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A province-wide mask mandate that was first introduced in October 2020 has now been lifted in virtually all of the so-called “high-risk” settings where it had remained in place, including on public transit.
But just because the mandate is no longer in effect, doesn’t mean that you can throw away your masks.
In fact a number of locations, including virtually every single hospital in the Greater Toronto and Hamilton Area, will continue to require masks for the time being.
The TTC is also “strongly recommending” that its riders continue to wear masks, though they will no longer be required to.
CP24.com recently spoke with the new scientific director of Ontario’s Science Advisory Table, Dr. Fahad Razak, about how to navigate this new masks optional environment.
Here is his advice:
On the benefits of masking, even when those around you aren’t
Individuals still derive clear benefit from wearing a mask and even more benefit if it is a high quality mask. So cloth masks are inferior to the surgical masks that you see a lot of people wear, including myself. So the blue and white masks that are designed with a triple layer and enhanced protection. Even more protective are the N95s but those can be difficult to wear for a long period. But yes, absolutely wear a mask. It does protect you even if those people around you are not wearing a mask. In fact, it could become especially important if people around you are not wearing a mask. But there would be even more protection for individuals if everyone was wearing a mask. So think about it as tiers of protection. If you wear a mask, you’re definitely increasing your personal protection. But if everyone around you is wearing a mask, it goes even higher
On navigating where and when to wear a mask
My advice is that we’re still in a period of high degrees of transmission in the community. Certainly we have come down from the peaks. It is nowhere near what it was a couple of months ago. But a lot of transmission happened and many people know someone who has been infected in just the last few weeks, I certainly do. Not healthcare workers, people who don’t work in high-risk sectors, just people who were infected by routine day-to-day things in their life. So you still have to think that if you’re in a public setting, especially in an enclosed indoor setting, that you’re potentially going to be exposed. So I would say given the uncertainty about the degree of immunity we still have, given risk of things like long COVID and given the risk of transmitting to vulnerable people around you, you should keep that mask on in public indoor settings. That’s what I’m doing, that’s what most of my colleagues are doing and I think it’s still a prudent way to handle this phase of the pandemic, even though things are getting better, which is fantastic.
On how he approaches the mask question in his own day-to-day life
I wear my mask without fail in public indoor settings. Grocery Store, going to the bank, going to my office, obviously on the medical wards as well. I have been in an indoor setting where I’ve taken my mask off, specifically going out to dinner. I really have gone out very little in the entire pandemic. But there is the rare occasion, a special occasion, where I go out and those are the few times that I’ve taken off my mask in an indoor public setting. But even there if I’m going out to a restaurant, I am looking to see if there’s a patio available right? It is beautiful weather and it is markedly safer to be outside rather than inside if your mask is off.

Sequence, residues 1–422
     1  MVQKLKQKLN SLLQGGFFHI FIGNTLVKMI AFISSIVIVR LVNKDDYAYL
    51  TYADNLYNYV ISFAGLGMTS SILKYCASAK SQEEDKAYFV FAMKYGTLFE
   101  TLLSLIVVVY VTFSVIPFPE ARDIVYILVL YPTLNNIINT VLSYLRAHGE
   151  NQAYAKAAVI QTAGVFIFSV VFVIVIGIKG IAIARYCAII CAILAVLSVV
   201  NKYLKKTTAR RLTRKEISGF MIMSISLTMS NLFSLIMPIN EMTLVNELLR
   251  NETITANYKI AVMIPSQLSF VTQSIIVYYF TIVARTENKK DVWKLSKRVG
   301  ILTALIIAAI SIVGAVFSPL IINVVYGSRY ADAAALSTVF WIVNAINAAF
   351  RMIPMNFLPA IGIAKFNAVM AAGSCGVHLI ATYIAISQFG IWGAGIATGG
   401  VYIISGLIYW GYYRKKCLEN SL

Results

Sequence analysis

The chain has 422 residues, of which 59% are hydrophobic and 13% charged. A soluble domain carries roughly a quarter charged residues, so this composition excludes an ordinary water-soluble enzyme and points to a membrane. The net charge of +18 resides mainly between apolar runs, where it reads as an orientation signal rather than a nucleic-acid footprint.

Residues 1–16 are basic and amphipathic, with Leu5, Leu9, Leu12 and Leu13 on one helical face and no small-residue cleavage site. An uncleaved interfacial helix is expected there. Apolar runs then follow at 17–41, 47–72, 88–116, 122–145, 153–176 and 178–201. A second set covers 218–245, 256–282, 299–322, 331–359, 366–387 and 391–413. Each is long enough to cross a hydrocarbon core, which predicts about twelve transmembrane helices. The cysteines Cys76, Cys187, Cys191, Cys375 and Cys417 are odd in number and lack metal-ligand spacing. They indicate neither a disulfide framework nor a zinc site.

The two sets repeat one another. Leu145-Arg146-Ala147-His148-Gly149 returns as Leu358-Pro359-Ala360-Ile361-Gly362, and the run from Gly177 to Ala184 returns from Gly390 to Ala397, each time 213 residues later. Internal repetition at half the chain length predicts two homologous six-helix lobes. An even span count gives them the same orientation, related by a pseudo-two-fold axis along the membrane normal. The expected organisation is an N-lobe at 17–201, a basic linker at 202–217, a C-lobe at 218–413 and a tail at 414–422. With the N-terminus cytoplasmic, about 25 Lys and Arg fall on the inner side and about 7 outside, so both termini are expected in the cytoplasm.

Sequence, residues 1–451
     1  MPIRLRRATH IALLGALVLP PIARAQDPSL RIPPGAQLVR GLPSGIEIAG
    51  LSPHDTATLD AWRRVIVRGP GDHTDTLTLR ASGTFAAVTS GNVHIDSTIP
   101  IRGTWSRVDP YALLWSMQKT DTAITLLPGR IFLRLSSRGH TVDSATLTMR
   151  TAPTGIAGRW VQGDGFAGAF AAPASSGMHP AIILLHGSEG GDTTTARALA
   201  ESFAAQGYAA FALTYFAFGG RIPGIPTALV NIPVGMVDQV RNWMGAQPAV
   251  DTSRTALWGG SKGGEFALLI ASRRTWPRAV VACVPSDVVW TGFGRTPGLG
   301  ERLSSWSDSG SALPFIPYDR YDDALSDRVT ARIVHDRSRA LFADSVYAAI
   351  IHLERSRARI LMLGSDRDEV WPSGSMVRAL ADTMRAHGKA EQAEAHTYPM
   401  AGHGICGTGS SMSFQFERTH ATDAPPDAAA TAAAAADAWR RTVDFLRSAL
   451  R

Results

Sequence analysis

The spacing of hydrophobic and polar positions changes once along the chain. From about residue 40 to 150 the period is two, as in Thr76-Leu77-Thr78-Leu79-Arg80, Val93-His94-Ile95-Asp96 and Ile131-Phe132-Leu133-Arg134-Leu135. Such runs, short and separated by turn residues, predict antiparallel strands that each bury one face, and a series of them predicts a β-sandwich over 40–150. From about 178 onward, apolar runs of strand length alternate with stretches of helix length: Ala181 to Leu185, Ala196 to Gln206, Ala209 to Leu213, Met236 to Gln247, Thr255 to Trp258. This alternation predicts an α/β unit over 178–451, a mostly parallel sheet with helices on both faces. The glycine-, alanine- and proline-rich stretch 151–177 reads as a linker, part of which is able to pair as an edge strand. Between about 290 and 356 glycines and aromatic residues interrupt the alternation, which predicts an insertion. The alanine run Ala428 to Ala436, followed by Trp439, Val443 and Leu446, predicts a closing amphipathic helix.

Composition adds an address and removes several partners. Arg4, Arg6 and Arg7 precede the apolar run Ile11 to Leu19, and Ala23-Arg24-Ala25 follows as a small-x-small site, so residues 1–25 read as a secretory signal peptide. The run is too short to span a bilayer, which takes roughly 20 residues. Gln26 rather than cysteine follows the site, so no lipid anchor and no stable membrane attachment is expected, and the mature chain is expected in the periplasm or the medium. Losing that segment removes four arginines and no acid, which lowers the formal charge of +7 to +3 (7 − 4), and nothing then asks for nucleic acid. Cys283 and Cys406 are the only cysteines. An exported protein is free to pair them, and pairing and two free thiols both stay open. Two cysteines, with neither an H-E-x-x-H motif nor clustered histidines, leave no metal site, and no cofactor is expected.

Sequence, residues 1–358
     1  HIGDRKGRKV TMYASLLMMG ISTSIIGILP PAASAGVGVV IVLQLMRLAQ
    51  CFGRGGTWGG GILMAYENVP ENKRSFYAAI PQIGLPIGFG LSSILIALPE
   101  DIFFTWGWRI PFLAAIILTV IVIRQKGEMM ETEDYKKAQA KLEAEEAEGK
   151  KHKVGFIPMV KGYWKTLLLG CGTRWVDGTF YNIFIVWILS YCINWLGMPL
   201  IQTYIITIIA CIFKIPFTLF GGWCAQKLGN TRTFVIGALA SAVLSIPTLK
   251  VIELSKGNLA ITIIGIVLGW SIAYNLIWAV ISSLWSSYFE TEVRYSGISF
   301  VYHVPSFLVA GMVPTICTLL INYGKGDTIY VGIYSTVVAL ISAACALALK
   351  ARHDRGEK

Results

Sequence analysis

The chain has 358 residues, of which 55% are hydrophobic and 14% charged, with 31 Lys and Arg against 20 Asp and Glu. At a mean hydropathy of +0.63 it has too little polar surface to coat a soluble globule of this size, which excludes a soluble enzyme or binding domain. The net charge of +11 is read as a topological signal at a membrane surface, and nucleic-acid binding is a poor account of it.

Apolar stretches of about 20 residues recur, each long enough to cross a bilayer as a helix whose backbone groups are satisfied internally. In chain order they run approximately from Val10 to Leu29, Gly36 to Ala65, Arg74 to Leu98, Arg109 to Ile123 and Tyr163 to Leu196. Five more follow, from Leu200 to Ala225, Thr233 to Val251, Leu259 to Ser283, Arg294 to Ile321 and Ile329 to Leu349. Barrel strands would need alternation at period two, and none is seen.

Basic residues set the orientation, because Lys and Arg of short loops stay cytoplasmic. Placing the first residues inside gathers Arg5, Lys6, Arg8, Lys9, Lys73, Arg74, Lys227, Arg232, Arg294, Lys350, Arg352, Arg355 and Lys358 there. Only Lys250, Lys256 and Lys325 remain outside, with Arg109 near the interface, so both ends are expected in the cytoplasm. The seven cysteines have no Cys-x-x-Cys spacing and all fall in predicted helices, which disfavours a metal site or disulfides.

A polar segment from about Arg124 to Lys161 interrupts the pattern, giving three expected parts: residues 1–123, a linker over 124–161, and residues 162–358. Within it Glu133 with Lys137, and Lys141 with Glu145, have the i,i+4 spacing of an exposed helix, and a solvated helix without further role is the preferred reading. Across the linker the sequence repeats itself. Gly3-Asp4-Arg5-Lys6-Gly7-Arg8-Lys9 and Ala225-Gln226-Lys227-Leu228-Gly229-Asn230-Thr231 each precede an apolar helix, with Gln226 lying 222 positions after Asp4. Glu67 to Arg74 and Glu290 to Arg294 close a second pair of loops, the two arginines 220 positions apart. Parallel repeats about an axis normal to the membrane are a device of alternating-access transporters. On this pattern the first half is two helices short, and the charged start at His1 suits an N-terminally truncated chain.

On the possibility that mask mandates could be re-imposed
I think that definitely could be a possibility in the fall. It’s going to be tough, no one wants to roll back towards some of those requirements we had at the peak phase in the pandemic but it’s a virus you know and it really doesn’t care what we want. On average, since the pandemic started, one of these variants and a wave has happened about every six months. So if that continues – we have just had this Omicron wave – six months would roughly bring us towards the fall and that would be the time to worry, along with people spending more time indoors as the weather cools, kids are back in school, other respiratory viruses – influenza, RSV as well,. So we could have a very challenging fall and winter season and if things get very difficult, lots of admissions to hospitals, lots of people getting sick, I think there would have to be serious reconsideration of all public health measures, including extending the mask mandate and reintroducing them in other settings.
On what the next few months will look like for Ontario, now that the mask mandate is gone
You know we have come down from a very difficult peak, a very difficult peak that stretched us in ways in some ways similar to prior waves where we had a lot of people getting sick but in this wave especially, it was the disruption of the degree of illness I think more so than the number of people in the hospital that was the real disrupting effect. So we are entering what I hope to be a good summer. I hope people have some time for recovery because I know people are exhausted. But I think there’s a need to keep an eye on the public health messaging and as we go through the summer and into the fall we’re going to be watching things like wastewater (surveillance) and if there is a rise again we have to be ready.
Article From: CTV News
Author: Chris Fox